Meaning of Customer-Related Database:

Companies typically do not have a single customer database; instead, they have a number of customer-related databases. Large organizations, such as financial services companies, can have 20 or more customer systems, each with a separate database.

These databases capture customer-relate data from a number of different perspectives. Customer-related data bases might be maintained in a number of functional areas – sales, marketing, service, logistics and accounts – each serving different operational purposes. Respectively, these databases might record quite different customer-related data – opportunities, campaigns, enquiries, deliveries and billing.

Customer-related data might also be maintained by different channel managers – company- owned retail stores, third-party retail outlets and online retail, for example. Similarly, different product managers might maintain their own customer-related data.

Customer-related data can have a current, past or future perspective, focusing upon current opportunities, historic sales or potential opportunities. Customer-related data might be about individual customers, customer cohorts, customer segments, market segments or entire markets. They might also contain product information ,competitor information, regulatory data or anything else pertinent to the development and maintenance of customer relationships.


Basic Principles for Maintaining the Customer Database:

Maintaining the database means that users will be more likely to have their need for accurate and relevant data met. Accuracy and relevance are two of six desirable data attributes that have been identified data should be shareable, transportable, accurate, relevant, timely and secure. You can remember these desirable data attributes through the mnemonic STARTS. S- Shareable

i. Data need to be shareable because several users may require access to the same data at the same time. For example, profile information about customers who have bought annual travel insurance might need to be made available to customer service agents in several geographic locations simultaneously as they deal with customer enquiries in response to an advertising campaign.


ii. Data need to be transportable from storage location to user. Data need to be made available wherever and whenever users require. The user might be a hot-desking customer service representative, a delivery driver en route to a pick-up, an independent mortgage consultant or a sales person in front of a prospect.

Today’s international corporations with globally distributed customers, product portfolios across several categories and multiple routes to market face particularly challenging data transportation problems. Electronic customer databases are essential for today’s businesses, together with enabling technologies, such as data synchronization, wireless communications and web browsers to make the data fully transportable.

iii. Data accuracy is a troublesome issue. In an ideal world it would be wonderful to have 100 per cent accurate data. But data accuracy carries a high costs. Data are captured, entered, integrated and analysed at various moments. Any or all of these processes may be the source of inaccuracy Keystroke mistakes can cause errors at the point of data entry. Inap­propriate analytical processes can lead to ill-founded conclusions.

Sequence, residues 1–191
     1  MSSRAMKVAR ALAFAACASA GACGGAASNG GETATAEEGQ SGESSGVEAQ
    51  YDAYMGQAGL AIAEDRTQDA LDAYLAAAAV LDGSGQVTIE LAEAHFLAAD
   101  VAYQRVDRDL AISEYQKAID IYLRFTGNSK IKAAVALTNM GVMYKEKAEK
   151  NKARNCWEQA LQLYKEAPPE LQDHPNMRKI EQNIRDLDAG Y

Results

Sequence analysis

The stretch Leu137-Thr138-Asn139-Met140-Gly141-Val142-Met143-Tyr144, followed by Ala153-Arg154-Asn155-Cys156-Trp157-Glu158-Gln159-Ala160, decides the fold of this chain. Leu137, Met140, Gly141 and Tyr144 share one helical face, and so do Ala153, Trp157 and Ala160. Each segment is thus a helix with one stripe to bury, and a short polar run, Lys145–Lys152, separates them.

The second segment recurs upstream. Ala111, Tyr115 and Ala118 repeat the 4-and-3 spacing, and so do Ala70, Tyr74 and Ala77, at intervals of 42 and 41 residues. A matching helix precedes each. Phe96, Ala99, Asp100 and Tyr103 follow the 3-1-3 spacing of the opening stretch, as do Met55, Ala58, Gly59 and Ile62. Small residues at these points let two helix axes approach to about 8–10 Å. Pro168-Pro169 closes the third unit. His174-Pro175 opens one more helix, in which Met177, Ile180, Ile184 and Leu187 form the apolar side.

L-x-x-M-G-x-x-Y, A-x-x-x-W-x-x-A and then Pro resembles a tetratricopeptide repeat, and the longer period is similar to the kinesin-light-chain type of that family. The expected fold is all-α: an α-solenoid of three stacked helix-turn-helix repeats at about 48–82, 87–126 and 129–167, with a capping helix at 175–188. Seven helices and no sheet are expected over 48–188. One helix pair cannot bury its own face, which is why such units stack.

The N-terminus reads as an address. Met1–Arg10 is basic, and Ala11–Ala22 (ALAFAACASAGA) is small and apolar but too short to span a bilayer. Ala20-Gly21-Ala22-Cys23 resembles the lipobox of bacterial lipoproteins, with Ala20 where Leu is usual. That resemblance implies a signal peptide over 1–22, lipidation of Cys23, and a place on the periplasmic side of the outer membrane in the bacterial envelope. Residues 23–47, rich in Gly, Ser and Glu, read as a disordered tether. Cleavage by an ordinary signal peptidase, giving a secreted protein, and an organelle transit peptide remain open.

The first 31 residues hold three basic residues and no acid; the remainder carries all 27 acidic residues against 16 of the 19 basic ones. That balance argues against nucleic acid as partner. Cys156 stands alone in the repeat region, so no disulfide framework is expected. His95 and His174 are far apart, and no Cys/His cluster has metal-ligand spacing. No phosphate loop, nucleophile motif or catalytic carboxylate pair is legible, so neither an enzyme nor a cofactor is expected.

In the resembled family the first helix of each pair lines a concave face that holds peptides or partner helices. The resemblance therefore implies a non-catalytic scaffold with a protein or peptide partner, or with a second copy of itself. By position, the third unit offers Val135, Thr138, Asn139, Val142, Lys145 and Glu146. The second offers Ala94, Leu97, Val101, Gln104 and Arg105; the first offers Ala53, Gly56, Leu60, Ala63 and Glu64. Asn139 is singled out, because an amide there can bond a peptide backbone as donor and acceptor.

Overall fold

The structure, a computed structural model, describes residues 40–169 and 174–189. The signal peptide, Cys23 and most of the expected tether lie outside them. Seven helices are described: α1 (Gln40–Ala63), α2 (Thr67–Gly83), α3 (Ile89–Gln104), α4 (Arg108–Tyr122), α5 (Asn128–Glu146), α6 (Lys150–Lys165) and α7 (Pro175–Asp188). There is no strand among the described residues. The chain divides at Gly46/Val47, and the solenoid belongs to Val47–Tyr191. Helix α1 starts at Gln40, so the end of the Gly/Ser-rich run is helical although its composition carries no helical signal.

In CRM, data inaccuracy can lead to undue waste in marketing campaigns, inappropriate prospecting by salespeople and general suboptimal customer experience. It also erodes trust in the CRM system, thus reducing usage. This leads to further degrading of data quality.


To counter this, usage vol­umes and data quality should be monitored. Data need to be entered at source rather than secondhand; user buy-in needs to be managed; data quality processes such as de-duplication need to be introduced. News agency and book retailer WHSmith attribute high re­sponse rates of CRM-enabled direct marketing to the accuracy of their database.

For ex­ample, an offer of Delia Smith’s How to Cook book achieved an 8 per cent response rate, significantly more than was the norm before their data quality project was implemented.

iv. Relevant data is pertinent for a given purpose. To check a customer’s credit worthiness you need their transaction and payment histories, and their current employment and income status. To flag customers who are hot prospects for a cross-sell campaign, you need their propensity-to buy scores. In designing a data management system to support a CRM strategy, relevance is a major issue. You need to know what decisions will be made and what infor­mation is needed to enable them to be made well.

v. Timely data is data that is available as and when needed. Data that is retrieved after a decision is made is not helpful. Equally, decision-makers do not want to be burdened with data before the need is felt. Bank tellers need to have propensity-to-buy information avail­able to them at the time a customer is being served.


vi. Data security is a hugely important issue for most companies. Data, particularly data about customers, is a major resource and a source of competitive advantage. It provides the foun­dation for delivery of better solutions to customers. Companies do need to protect their data against loss, sabotage and theft. Many companies regularly back-up their data. Security is enhanced through physical and electronic barriers such as fire walls.

Managing data secu­rity in a partner environment is particularly challenging, as it is essential that competing partners do not see each other’s sales leads and opportunity information, despite being signed into the same CRM system through the same portal.

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